In TNOS, aliases are expanded as before, except that the new message are addresed to the users whose names are specified in the alias list.

The strength of aliases is also its weakness; the SYSOP maintains control. This is good for the SYSOPs sake, but it allows the use NO flexibility in using them, unless the SYSOP has set up an alias that meets the user's needs.


The Remote Mailer (RMAIL), originating from the RATS guys, allows the user to send what looks to the network to be a personal message. When it is received at the distant BBS, it is exploded into the list of users that is imbedded in the RMAIL message. The sender listed these users when he sent the message.

This method gives complete control of the expansion to the originator of the message. It requires NO SYSOP intervention to allow a new distant expansion.


TNOS's Groups are just good old fashioned Internet Mailing Lists. The TNOS Request Server (mentioned later) works with the GROUP MANAGER to allow remote subscription and unsubscription to a group. The SYSOP still maintains control, since no new groups can be started except by a user with SYSOP permissions.

This method allows the users to self-maintain their own mailing lists. By users sending a single message to :


it is exploded to many message, to the members of the group "nerf". New users are added and removed without SYSOP intervention.


The Internet TIME and DAYTIME servers are provided, allowing you to set or syncronize time between machines. The Internet QUOTE OF THE DAY server provides a way to pass on pearls of wisdom, or in my case, Star Trek quotes;-) Also provided is a RLOGIN server, which simply provides an easier way to get into a Command Session remotely to SYSOP a machine. All of the normal security measures are there.


There is support for ANSI color graphics for most interactive servers. It is selectable by the user. It properly flushes out buffers to keep from splitting an ANSI control sequence across physical packets. The original graphic is displayed as it was intended to be viewed.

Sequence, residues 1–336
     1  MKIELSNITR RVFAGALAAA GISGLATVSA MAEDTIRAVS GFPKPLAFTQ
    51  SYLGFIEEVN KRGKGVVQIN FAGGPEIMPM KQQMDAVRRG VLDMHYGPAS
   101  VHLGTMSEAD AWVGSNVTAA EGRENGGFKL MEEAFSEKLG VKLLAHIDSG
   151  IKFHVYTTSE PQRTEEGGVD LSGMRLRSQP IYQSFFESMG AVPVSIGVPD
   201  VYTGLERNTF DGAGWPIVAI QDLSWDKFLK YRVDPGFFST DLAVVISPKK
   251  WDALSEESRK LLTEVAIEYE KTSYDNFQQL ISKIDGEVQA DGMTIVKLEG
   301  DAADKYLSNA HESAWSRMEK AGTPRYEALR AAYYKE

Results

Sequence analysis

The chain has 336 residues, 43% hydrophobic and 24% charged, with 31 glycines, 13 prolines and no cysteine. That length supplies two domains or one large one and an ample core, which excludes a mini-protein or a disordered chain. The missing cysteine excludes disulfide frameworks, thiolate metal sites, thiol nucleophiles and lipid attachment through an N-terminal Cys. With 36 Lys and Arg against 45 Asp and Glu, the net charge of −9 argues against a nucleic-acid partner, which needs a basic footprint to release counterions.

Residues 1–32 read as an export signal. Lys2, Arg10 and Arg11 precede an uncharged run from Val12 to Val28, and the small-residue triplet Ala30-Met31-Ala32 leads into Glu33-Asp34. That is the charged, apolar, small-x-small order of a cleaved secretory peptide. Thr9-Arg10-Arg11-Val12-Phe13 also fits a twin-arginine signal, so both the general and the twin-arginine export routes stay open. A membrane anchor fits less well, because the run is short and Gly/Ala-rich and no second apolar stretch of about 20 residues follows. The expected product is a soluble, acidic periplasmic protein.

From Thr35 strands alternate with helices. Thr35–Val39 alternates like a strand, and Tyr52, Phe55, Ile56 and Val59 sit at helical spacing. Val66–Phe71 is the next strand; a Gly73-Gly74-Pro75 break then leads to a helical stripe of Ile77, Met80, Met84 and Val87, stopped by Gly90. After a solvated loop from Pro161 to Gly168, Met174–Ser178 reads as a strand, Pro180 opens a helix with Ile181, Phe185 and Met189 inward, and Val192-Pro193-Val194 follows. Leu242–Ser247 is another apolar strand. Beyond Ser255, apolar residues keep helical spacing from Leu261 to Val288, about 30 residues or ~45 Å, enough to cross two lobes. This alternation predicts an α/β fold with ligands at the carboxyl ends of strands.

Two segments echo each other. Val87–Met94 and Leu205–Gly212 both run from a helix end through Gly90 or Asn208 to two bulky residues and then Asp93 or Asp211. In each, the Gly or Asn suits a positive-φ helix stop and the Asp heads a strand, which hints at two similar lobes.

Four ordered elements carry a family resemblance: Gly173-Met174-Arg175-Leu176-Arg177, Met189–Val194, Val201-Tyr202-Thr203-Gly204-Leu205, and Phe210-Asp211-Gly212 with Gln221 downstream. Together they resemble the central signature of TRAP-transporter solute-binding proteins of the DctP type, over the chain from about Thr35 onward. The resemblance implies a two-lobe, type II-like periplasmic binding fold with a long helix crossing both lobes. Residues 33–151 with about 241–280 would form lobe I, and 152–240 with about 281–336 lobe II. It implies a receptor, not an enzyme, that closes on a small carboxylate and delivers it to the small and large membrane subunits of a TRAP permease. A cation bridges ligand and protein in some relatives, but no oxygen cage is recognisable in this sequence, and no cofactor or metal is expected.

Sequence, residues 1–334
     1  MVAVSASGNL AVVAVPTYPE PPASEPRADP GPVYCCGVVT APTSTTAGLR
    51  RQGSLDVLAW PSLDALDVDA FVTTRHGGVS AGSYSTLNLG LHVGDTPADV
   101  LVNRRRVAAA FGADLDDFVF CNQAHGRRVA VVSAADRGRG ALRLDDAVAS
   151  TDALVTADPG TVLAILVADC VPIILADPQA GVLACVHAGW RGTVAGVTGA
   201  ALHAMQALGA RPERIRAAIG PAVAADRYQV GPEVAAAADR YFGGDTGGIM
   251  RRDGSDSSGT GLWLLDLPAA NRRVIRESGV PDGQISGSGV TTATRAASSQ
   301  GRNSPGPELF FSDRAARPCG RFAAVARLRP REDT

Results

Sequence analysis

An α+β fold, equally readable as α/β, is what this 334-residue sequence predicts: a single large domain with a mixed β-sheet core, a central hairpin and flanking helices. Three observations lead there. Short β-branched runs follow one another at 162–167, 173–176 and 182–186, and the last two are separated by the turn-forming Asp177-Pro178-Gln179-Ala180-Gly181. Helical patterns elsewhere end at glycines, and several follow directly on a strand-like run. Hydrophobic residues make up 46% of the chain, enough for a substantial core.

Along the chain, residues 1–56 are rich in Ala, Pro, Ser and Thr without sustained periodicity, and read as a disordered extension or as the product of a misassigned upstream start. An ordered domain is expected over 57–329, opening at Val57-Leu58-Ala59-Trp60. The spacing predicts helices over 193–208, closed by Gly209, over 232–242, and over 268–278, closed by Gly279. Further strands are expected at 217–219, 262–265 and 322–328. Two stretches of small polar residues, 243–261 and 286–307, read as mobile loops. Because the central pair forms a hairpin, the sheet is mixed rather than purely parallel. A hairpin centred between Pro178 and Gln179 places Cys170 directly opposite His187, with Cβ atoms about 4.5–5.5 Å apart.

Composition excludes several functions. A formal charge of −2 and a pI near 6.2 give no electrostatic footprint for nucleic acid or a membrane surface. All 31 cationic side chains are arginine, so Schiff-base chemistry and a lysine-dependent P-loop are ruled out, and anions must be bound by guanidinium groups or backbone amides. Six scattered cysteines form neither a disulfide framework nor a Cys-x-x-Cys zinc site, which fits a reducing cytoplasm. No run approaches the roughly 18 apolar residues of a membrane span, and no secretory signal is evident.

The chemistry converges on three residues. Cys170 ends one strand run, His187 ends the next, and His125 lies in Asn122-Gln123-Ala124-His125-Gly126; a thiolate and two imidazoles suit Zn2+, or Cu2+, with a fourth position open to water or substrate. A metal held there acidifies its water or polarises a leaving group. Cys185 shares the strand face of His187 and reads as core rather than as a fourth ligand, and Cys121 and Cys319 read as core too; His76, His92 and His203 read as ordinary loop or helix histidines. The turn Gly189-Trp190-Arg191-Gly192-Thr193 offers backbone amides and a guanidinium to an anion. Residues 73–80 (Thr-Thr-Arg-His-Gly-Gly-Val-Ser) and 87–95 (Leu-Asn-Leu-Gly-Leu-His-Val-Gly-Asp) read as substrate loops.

The SYSOP has the advantage of a useful STATUS LINE. The STATLINE contains the time, and a place for tracking the first 10 interactive sessions. If a session exists, its session number is displayed in the STATLINE. If it is the active session, its number is highlighted. If any session contains new incoming data, its number flashes, to call your attention to it. This allows you to carry on several sessions and appear to by placing your sole attention on each one. There is more detailed information in the Command Session's STATLINE, with the number of different types of users (how many BBS users, how many FTP users, etc.), and the most recent log message. Each session can toggle on/off the use of the status line for that particular session.

And there is in TNOS a built-in screen saver. No, there's no elaborate pictures or fireworks, just a slowly moving message letting you know that TNOS lerks behind the mostly blank screen.


While there is still no REAL editor (where you gonna get the additional memory for it for the MS-DOS version?), TNOS does provide minimal editing chores while you compose messages in the BBS. The Mini-Editor hasn't undergone many changes since it's initial implimentation.

                   TNOS Mini Message Editor Commands

/Abort           Exits message editor; no message is sent
/Bye             Exits message editor; message is complete and sent
/Copy user@addr  Sends a copy of message to "user@addr"
/Delete [num]    Delete last 'num' lines (defaults to one line)
/Exit            Exits message editor; message is complete and sent